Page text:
which new equivalence mappin
gs can be inferred as
well as “negative”
evidence which can be
used to filter out spurious mappings. Because of this, methods based on the use of ontological
constraints are often applied to refine an initial set of candidate equivalence mappings obtained
using other methods (
such as attribute
-
based similarity).

In particular, the following ontological constructs are valuable for the individual matching
task and are often directly utilized by matching systems:




owl:FunctionalProperty

(
owl:InverseFunctionalProperty
). These prope
rties essentially
define the key attributes for individuals similarly to database keys. Equivalent values of
inverse functional properties imply the equivalence of the subjects of properties.
Functional properties, in a similar way, allow equivalence of ob
jects to be inferred if they
are connected to the same subject. Functionality provides a strong restriction which can
be useful both for inferring the new
sameAs
links between instances and for detecting
spurious existing links: if two individuals were ini
tially considered as equivalent and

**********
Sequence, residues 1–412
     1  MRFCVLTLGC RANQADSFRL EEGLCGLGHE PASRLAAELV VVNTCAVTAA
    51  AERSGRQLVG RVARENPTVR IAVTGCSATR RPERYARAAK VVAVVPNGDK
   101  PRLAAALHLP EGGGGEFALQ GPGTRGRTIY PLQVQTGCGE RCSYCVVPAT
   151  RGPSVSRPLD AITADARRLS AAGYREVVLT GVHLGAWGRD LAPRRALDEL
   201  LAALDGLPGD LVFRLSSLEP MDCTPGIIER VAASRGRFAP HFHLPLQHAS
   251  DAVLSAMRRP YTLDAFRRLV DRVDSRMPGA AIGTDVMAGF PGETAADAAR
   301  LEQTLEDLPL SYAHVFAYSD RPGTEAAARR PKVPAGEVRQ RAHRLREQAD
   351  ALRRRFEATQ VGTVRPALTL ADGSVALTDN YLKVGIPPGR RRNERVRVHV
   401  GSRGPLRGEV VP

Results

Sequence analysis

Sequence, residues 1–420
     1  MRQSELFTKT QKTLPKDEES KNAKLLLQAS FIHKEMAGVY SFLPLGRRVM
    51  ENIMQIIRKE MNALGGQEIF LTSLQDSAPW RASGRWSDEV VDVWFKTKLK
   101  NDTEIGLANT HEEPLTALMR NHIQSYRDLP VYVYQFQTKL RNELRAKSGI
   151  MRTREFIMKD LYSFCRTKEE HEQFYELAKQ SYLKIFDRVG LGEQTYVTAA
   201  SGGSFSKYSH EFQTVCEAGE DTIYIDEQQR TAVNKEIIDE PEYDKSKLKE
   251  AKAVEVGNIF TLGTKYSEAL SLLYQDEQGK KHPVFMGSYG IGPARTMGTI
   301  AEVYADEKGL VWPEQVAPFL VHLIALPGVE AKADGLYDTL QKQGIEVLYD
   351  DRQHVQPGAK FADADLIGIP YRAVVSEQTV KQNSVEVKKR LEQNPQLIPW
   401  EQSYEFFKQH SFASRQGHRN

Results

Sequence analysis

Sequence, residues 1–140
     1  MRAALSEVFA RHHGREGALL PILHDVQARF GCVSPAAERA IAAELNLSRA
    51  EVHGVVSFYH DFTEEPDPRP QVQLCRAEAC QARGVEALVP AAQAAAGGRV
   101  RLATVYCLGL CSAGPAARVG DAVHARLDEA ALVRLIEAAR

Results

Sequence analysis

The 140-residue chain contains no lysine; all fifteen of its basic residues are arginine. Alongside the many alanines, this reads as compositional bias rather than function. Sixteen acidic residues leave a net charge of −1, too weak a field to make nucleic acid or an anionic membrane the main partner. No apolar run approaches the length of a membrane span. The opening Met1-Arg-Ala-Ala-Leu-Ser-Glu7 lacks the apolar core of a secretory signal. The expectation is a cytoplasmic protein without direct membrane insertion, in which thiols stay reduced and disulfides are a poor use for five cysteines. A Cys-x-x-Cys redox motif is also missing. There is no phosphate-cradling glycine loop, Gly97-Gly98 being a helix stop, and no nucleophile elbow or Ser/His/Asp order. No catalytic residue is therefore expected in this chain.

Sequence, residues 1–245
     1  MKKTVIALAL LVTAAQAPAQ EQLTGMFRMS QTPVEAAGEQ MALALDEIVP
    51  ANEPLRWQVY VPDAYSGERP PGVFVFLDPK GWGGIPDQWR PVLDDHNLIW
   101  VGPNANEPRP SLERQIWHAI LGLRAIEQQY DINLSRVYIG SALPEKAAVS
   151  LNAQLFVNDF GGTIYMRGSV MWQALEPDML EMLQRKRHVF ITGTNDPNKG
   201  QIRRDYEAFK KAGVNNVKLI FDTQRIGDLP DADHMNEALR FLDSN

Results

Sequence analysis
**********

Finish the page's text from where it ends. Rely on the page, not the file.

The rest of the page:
connected by a
owl:sameAs
mapping but have two different values for the same
functional property, this can indicate tha
t the mapping was incorrect.



owl:maxCardinality.
Similarly to the functionality restriction, cardinal
ity violation can
also point out to an incorrect mapping (although, according to its definition, it does not
directly imply equivalence of pr
operty objects).



owl:disjointWith.
As another type of negative evidence, disjointness between classes can
be used t
o reject candidate mappings if they connect instances belonging to different
classes.


Among the existing systems, Sindice
(Tummarello et al., 2007)

implements a method for
instance matching using explicitly defined inverse functional properties as positiv
e evidence to
infer equivalence between instances. The L2R algorithm
(Säis et al., 2007)
utilizes all relevant
ontological schema constraints mentioned above and uses them as both positive and negative
evidence. ObjectCoref
(Hu et al., 2011)
also employs o